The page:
Though Minnesota has one of the longest life expectancies in the U.S., when looking specifically at American Africans life expectancy is shorter. powell credits Minnesota’s longtime history of investing in public infrastructure — parks, schools and health care — with residents living a longer life. However, over the years as the state became more diverse the willingness to invest in infrastructure dwindled.

Though its mission to democracy contradicts inequitable systems, since its inception the U.S. has structured access to opportunities that intentionally works well for some but not others. powell talked about how the book The Race Between Education and Technology by Michael Rizzo describes how the United States began educating women, becoming the first modern industrial country to do so.

“[The U.S.] was playing with close to a full deck,” powell said of this action, by spreading access to education and skills to a larger number of citizens. “Today half the children who start kindergarten are children of color. Children of color are the women of the 21st century… That’s why I say the job is to save America. Because if we don’t make America work for everyone, eventually it won’t work for anyone.”

Angela Glover Blackwell

Angela Glover Blackwell, founder and CEO of PolicyLink, which works to support economic and social equity for communities of color, was also speaker at the event. She named three major challenges the nation must address. The first is maintaining a vast and stable middle class.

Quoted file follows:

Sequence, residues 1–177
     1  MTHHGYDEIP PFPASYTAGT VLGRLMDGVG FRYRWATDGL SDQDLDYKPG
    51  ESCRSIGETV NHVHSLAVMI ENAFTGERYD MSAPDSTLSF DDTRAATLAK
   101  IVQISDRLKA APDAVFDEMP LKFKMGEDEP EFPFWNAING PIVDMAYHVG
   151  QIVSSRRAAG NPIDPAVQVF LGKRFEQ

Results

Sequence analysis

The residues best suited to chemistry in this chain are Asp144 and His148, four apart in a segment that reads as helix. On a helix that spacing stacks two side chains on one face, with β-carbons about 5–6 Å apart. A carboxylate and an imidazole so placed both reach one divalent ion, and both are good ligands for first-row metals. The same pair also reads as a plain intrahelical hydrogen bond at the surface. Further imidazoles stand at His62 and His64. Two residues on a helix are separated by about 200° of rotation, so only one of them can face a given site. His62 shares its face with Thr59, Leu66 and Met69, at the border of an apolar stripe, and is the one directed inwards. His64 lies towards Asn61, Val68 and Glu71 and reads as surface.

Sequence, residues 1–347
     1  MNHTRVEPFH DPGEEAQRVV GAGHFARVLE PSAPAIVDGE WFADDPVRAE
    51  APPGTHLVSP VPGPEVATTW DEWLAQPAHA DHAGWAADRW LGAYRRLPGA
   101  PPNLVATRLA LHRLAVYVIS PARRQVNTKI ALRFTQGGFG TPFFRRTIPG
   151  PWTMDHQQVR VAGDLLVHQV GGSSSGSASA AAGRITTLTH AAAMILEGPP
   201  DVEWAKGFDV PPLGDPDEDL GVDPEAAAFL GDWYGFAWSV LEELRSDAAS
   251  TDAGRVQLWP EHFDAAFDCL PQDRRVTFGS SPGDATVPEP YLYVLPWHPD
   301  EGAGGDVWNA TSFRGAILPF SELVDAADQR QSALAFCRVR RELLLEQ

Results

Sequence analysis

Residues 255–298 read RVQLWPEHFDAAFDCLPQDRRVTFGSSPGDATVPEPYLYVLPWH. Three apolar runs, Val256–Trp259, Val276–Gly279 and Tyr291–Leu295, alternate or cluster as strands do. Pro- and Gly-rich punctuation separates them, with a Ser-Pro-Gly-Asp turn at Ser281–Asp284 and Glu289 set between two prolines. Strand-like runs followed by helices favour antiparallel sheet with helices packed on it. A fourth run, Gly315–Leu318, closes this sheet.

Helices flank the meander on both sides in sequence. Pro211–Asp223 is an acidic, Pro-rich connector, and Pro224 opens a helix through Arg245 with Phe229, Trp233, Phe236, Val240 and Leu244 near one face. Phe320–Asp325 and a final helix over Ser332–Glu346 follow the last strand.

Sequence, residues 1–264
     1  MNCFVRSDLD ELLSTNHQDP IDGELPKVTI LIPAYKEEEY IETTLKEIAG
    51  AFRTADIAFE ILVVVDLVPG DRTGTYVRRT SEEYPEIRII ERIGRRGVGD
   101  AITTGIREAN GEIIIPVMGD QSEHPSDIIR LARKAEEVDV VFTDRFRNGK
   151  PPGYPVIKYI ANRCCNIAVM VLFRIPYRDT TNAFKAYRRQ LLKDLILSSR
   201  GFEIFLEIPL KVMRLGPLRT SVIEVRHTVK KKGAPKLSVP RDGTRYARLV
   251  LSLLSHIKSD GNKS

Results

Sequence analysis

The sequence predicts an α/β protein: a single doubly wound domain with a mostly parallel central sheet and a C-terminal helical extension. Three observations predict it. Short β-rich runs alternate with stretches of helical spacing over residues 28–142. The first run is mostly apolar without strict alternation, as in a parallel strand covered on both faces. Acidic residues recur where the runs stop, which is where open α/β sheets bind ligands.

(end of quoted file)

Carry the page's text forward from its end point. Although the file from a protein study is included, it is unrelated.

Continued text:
“It is the middle class that causes this country to stand out from others. You take any poor country that you can think of and what makes it poor is not the absence of rich people, it’s the absence of a middle class. What you have in that poor country is rich people and poor people. We are moving in that direction.”

The second challenge is climate change. “People may have stopped talking about climate change, but the climate is still changing. And if we don’t figure out how, as a nation, to really model what it is we are going to do moving forward, the world is going to suffer.”

The third challenge is creating a stable 21st-century global economy. “We’re coming out of this recession in fits and starts,” Blackwell says. “We’ve got to figure out what it is we are going to make, what kind of workforce we are going to bring to it. That is a huge challenge.

“Those three challenges combined with one reality and that is the changing demographics of the nation.” Blackwell continued. She stressed how quickly we are becoming a nation of people of color, stating that currently the majority of babies that are being born in the U.S. today are children of color and by 2040 the majority of people in the U.S will be people of color.

In the past, she said, we have approached equity as being the moral and right thing to do. Now, “Equity is the superior growth model for the nation,” she said. “Only by achieving equity do we deal with all of the challenges that we have.”